Can’t see the audio player? Click here to listen on Acast. You can also listen on Spotify, Apple Podcasts, Stitcher, Pocket Casts, or wherever you listen to podcasts.
President Joe Biden’s declaration in a national interview that the Covid-19 pandemic is “over” has complicated his own administration’s efforts to get Congress to provide more funding for treatments and vaccines, and to give the public a And be pushed forward to get a booster.
Meanwhile, concerns about medical inflation returning for the first time in a decade are helping to drive up insurance premiums, and private companies are scrambling to claim their share of health care costs.
This week’s panelists are KHN’s Julie Rauner, Bloomberg News’ Anna Edney, Johns Hopkins Bloomberg School of Public Health and Politico’s Joan Cannon, and KHN’s Lauren Weber.
Among the takeaways from this week’s episode:
- Biden’s comment on “60 Minutes” that the pandemic is over — even though Covid is still a problem — highlights the difficulty in communicating to the public how to transition from a public health crisis to a public health problem. .
- Much of the country may agree with the president, as evidenced by fewer people regularly using face masks and a decrease in the number of trade restrictions related to Covid. But several hundred people are still dying every day, a higher number often overlooked.
- Insurance premiums appear to be on the rise this fall, although medical spending has not been rising as fast as other parts of the economy in recent months. The increase may reflect insurers’ concerns that, emerging from the Covid crisis, consumers will seek more medical services.
- One aspect of the health business that is driving up costs is increased investment by private equity firms, which are expanding their reach beyond emergency room doctors and a few other specialties to a broader range of medical services, including gastroenterology and pathology. Eyes
- Another concern for the future of health spending is the trend toward consolidation in health care. Recent developments on this front include Amazon’s announcement that it is moving into primary care with its purchase of One Medical and CVS’s decision to buy home healthcare company Signify Health.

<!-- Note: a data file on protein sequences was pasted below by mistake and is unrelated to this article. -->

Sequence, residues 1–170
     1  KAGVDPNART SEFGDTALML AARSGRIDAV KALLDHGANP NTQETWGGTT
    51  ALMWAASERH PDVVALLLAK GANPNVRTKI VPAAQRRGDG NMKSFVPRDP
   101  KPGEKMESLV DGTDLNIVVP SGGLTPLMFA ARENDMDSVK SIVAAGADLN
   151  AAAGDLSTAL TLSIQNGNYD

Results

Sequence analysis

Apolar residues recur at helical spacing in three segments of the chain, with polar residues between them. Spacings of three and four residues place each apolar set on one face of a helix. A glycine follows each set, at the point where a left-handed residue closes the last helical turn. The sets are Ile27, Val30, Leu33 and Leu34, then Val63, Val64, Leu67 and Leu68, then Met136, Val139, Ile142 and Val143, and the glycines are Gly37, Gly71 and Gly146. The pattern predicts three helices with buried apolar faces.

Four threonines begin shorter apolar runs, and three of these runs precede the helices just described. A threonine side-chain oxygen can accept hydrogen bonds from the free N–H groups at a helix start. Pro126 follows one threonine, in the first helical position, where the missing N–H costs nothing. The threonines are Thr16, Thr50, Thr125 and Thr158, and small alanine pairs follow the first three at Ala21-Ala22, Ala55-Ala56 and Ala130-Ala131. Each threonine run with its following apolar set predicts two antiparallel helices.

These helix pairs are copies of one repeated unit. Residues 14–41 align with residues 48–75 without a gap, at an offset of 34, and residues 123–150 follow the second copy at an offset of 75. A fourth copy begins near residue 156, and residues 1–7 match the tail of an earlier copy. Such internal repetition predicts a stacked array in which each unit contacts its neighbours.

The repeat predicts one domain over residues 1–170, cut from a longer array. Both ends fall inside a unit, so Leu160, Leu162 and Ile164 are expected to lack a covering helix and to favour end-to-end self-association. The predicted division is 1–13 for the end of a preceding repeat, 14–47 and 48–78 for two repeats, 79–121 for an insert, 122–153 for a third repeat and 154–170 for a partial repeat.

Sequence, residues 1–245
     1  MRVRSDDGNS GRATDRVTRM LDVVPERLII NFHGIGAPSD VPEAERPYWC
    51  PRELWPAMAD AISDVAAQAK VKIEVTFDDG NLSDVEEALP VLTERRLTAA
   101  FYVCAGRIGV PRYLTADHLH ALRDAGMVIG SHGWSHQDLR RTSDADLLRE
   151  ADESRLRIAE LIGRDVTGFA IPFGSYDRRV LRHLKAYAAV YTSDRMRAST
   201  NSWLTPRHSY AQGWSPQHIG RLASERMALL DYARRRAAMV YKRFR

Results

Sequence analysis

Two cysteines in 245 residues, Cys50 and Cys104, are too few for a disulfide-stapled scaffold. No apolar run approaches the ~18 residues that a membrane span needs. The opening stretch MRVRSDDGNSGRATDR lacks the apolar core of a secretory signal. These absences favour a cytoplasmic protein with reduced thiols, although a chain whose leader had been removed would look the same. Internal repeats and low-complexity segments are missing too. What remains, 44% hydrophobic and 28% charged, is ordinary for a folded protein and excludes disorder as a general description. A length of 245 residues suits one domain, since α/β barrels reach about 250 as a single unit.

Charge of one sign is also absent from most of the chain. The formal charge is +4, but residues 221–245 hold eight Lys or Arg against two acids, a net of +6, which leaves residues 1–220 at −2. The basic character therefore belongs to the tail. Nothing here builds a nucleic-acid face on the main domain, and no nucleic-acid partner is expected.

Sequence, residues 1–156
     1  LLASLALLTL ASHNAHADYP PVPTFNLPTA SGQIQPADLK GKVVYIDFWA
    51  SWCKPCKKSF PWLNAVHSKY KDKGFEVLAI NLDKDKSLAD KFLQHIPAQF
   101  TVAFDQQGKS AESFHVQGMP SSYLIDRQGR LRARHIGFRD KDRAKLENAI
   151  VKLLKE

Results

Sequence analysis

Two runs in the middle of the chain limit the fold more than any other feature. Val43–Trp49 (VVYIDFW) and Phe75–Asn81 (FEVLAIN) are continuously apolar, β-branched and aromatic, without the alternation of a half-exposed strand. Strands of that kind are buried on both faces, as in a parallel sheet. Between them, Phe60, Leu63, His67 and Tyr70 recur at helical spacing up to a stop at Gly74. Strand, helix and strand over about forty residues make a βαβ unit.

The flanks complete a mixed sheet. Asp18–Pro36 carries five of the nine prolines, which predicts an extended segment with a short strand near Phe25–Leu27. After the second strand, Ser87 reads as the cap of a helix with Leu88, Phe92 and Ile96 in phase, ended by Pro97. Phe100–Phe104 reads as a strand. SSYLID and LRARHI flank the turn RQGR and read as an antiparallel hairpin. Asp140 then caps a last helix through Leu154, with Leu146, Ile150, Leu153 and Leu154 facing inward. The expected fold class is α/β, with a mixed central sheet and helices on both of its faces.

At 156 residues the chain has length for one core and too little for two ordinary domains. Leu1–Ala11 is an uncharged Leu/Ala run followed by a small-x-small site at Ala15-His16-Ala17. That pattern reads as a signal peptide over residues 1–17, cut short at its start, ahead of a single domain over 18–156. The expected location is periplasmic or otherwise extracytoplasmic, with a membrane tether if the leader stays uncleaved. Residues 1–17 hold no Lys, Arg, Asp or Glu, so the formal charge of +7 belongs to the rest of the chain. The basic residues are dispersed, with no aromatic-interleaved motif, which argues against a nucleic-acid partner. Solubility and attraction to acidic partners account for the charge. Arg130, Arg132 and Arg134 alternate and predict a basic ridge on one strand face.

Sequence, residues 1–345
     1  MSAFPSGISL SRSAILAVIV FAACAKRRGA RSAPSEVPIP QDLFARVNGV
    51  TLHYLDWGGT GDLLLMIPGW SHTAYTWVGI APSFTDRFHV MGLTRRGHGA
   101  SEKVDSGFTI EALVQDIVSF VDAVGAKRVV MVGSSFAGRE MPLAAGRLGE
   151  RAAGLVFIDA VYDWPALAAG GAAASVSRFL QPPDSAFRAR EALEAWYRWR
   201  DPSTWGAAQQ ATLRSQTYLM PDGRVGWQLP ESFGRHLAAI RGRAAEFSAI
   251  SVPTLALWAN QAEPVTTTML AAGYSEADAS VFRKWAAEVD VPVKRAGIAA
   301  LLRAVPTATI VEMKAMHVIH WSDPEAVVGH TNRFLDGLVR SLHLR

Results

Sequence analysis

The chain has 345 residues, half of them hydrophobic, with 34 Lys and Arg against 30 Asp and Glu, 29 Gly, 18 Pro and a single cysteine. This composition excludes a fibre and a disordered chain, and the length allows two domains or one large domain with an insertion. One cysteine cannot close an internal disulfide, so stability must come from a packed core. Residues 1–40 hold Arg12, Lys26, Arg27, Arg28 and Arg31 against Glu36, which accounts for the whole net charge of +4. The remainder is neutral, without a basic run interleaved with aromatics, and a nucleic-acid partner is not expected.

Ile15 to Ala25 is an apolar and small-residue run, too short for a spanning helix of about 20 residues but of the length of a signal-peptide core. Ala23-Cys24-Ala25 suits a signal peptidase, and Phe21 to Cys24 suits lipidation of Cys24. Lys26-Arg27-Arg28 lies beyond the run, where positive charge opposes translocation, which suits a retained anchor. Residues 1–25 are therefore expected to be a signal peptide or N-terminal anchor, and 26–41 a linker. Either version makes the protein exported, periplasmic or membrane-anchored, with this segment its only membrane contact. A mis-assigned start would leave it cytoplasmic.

- Abortion policies continue to make news in various states. West Virginia passed a law banning nearly all abortions. Several Republican Utah lawmakers sent cease-and-desist letters to abortion providers in their state. And Puerto Rico has a new political party campaigning on the issue of trying to block the commonwealth’s free abortion law.
- While Democrats hope the abortion issue will swing more voters their way in the midterm elections, it’s unclear whether overall support for abortion will be a deciding issue for voters in more conservative states. Any changes will be made.
Plus, for extra credit, the panelists recommend their favorite health policy stories of the week that they think you should read, too:
Julie Roner: The Anchorage Daily News’ “Many Alaska pharmacies are understaffed, leading to frequent dropouts and patient turnover,” by Annie Berman
Joan Cannon: Capital B’s “Medical Experts Dismiss Black Women’s Pain. The consequences are dire,” by Margo Snipe
Anna Edney: The Guardian’s “Outrage over ‘forever chemicals’ spewing toxic sewage sludge across US states,” by Tom Perkins
Lauren Weber: KHN’s “Doctors rush to use Supreme Court ruling to avoid opioid charges,” by Brett Kellman
Also mentioned in this week’s episode:
- KHN’s “Private equity sees billions in eye care as firms target more profitable procedures,” by Lauren Weber
- The New York Times’ “‘Disaster Mode’: Emergency Rooms Across Canada Close Amid Crisis,” by Vajusa Isai
- JAMA Network Open’s “Prevalence and Risk Factors for Medical Debt and Consequent Changes in the Social Determinants of Health in the United States,” by Drs. David U. Himmelstein, Samuel L. Dickman, Danny McCormick, et al.
- In the New England Journal of Medicine’s “Disclosure of Medical Bills After Sexual Assault,” Dr. Samuel L. Dickman, Dr. Gracie Himmelstein, Dr. David U. Himmelstein, Katherine Strandberg, Alicia McGregor, Dr. Danny McCormick, and Drs. Steffy Woolhandler
- The Salt Lake Tribune’s “Utah GOP Rep. Birkeland, Lisenby Says His Threat To Abortion Providers Was Just His ‘Opinion,’ ‘Not Legal Document,'” by Emily Anderson Stern.
- The New York Times’ “Abortion Helps Reshape Puerto Rico Politics, Gives Conservatives a Head Start,” by Patricia Mazzee
To listen to all of our podcasts, click here.
And subscribe to KHN’s What the Health? Spotify, Apple Podcasts, Stitcher, Pocket Casts, or wherever you listen to podcasts.
Contact us Submit a story suggestion